Africa should work on mineral value addition, taxation to maximize economic benefit

Despite having abundant natural mineral resources, Africa still struggles to build an economy that ensures the benefit of its citizens. It still depends on aid and loan from outside as it fails to properly harness its abundant mineral resources. One things that is suggested in this regard is that the continent needs to appraise the exploration, and utilization of its resources in such a way that it can boost the benefit for its citizens.

For instance, Zimbabwe has taken a stance that some of its mineral products like Lithium should not be exported raw as they have to add value, create jobs and maximize the national revenue. “The value addition, taxation … etc are the way forward for the utilization of our natural resources.” Says Mthuli Ncube, Finance Minister of Zimbabwe who briefed journalists last week in Addis Ababa.

This can be one of the examples set to rethink about the utilization of the precious natural resources that have not yet uplifted the continents economy to a certain extent.

According to United Nations Environment Program (UNEP), Africa is home to some 30 percent of the world’s mineral reserves, eight per cent of the world’s natural Gas and 12 per cent of the world’s oil reserves. The continent has 40 percent of the world’s gold and up to 90 percent of its chromium and platinum. The largest reserves of cobalt, diamonds, platinum and uranium in the world are in Africa. It holds 65 per cent of the world’s arable land and ten percent of the planet’s internal renewable fresh water source.

In most African countries, natural capital accounts for between 30 percent and 50 percent of total wealth. Over 70 per cent of people living in sub-Saharan Africa depend on forests and woodlands for their livelihoods. Land is an economic development asset as well as a socio-cultural resource. A significant share of these resources is, however, used unsustainably while others are lost through illegal activities, meaning that the stream of benefits generated from these resources is being reduced over time. For instance, Africa loses an estimated USD 195 billion annually of its natural capital through illicit financial flows, illegal mining, illegal logging, the illegal trade in wildlife, unregulated fishing and environmental degradation and loss.

Collectively, the continent has a lot to gain in pulling together and harnessing its vast natural resources to finance the development agenda towards greater prosperity; and it must also ensure that future growth and exploitation of natural resources is results-oriented, climate resilient and sustainable.

The GEO-6 Regional Assessment for  Africa points out that the environment is deteriorating faster than previously thought, emphasizing that governments must act faster to reverse the worst trends. The report recognizes Africa’s natural capital and observes that the economic growth of Africa hinges on the sustainable management of its natural capital. However, unsustainable exploitation of Africa’s natural resources by its burgeoning population, and the tardiness by authorities to effect sound and regulations to tame abuse and over exploitation of these resources is brewing trouble. Nature is issuing red alerts, as evidenced by the many catastrophes we are experiencing which if left unchecked, will keep aggravating food shortages, water scarcity, diseases, conflicts, migration and poverty, all of which could culminate in the destabilization of economies.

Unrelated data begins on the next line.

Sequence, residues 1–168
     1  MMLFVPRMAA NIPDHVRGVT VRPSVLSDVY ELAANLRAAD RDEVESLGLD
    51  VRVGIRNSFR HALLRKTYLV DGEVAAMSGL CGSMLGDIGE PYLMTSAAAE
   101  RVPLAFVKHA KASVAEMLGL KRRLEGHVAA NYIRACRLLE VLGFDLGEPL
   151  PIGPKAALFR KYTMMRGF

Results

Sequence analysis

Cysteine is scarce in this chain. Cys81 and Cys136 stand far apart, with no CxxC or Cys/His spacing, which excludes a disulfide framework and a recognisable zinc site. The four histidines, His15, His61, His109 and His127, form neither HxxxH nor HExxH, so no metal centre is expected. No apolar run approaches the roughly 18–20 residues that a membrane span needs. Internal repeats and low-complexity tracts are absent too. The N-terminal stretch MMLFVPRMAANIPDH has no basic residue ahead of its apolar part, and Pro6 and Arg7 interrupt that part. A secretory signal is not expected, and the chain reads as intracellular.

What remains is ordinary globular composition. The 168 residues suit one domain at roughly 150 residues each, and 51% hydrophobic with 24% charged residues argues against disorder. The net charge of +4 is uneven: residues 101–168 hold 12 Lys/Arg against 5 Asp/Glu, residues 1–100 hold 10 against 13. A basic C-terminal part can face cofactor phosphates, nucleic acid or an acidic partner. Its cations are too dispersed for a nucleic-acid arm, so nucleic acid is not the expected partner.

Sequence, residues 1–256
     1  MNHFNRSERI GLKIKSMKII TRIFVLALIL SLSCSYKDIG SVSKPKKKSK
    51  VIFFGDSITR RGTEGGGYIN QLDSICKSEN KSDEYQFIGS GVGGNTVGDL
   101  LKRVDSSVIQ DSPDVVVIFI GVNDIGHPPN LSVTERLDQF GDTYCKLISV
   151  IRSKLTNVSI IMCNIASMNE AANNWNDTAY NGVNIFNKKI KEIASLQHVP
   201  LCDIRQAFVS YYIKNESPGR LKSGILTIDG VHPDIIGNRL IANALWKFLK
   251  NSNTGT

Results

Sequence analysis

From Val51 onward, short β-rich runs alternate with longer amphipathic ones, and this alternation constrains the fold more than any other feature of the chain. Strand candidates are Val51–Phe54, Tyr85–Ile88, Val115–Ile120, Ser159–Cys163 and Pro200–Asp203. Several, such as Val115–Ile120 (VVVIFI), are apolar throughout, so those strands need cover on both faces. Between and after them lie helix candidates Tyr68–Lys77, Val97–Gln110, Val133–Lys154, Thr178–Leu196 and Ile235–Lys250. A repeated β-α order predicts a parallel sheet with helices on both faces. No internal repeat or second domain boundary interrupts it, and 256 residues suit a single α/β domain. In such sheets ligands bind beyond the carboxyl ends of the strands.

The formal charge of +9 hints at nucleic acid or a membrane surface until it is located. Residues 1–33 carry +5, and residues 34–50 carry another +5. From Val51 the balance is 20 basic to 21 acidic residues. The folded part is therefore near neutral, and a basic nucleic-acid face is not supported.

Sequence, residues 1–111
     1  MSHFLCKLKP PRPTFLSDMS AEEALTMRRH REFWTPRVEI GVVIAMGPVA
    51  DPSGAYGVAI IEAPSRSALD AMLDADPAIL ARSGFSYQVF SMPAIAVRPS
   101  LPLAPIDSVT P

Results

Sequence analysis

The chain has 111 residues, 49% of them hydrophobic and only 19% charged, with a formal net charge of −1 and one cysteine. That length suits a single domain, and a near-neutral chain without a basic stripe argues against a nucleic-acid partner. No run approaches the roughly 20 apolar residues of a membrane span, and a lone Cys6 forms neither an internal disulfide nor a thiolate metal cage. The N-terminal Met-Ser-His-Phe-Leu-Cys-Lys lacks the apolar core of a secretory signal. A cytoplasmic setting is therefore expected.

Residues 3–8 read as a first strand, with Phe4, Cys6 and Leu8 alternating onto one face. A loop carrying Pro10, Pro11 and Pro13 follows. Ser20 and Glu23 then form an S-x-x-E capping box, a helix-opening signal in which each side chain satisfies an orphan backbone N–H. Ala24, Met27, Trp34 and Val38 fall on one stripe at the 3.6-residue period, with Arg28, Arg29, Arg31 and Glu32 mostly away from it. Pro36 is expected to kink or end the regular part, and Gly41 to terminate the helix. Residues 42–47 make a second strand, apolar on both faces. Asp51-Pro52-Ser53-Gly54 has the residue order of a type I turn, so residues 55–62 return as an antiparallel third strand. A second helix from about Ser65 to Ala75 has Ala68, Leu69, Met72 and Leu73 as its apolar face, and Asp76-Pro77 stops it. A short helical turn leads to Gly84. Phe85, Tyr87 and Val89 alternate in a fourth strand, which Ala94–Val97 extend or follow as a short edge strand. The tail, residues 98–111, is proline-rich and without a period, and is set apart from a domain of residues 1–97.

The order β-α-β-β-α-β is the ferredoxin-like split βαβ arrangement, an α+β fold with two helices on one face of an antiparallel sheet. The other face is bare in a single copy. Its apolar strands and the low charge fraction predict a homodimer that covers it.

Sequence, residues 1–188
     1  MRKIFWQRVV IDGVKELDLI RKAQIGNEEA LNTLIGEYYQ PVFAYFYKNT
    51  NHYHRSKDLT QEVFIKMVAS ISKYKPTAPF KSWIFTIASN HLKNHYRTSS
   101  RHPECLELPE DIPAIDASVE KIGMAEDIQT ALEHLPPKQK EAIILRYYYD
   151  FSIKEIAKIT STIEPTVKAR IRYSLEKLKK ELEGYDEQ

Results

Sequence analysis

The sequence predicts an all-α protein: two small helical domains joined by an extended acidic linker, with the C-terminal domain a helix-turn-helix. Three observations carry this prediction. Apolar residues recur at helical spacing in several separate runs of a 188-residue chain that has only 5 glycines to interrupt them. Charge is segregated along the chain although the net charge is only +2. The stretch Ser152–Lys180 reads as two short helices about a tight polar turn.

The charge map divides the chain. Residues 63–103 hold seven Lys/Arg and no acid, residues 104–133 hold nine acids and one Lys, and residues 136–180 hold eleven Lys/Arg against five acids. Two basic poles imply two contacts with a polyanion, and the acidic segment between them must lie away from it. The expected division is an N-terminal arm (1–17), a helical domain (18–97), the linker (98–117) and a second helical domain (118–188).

In order for Africa to reap the economic and social benefits inherent in this natural wealth, it is necessary to urgently address such issues as the management and the economic and environmental impacts of, their sustainable use.

The UNEP Africa Office supports African governments to translate decisions and statements made on natural resources into practical actions and innovative solutions at regional, national and local levels for the benefit of their populations. This will lead to wealth and job creation, revenue generation, food security, social equity and a healthy environment. stipulates that governments in Africa are already recognizing the transformative potential of their mineral reserves by taking steps to develop the sector. Some African countries have started to restrict exports of minerals in their raw states to promote local processing, such as the DRC. Ghana has approved a policy to manage the production and extraction of lithium, which “demands that not a single volume of lithium produced in this country will be allowed to be exported in its raw state”, according to Lands and Natural Resources Minister Samuel Jinapor. However, to reap the benefits of such policies, countries will need to expand their processing capabilities to produce intermediate goods or final products of higher value.

African governments have also tried to increase the benefits of mining for local communities by introducing local content policies, for example by requiring mining companies to employ a certain level of local workers. However, miners sometimes decide to open up operations elsewhere when these requirements are too stringent or constantly changing. Pan-African cooperation could prevent a potential ‘race to the bottom’ where countries try to attract investors by offering the least stringent requirements



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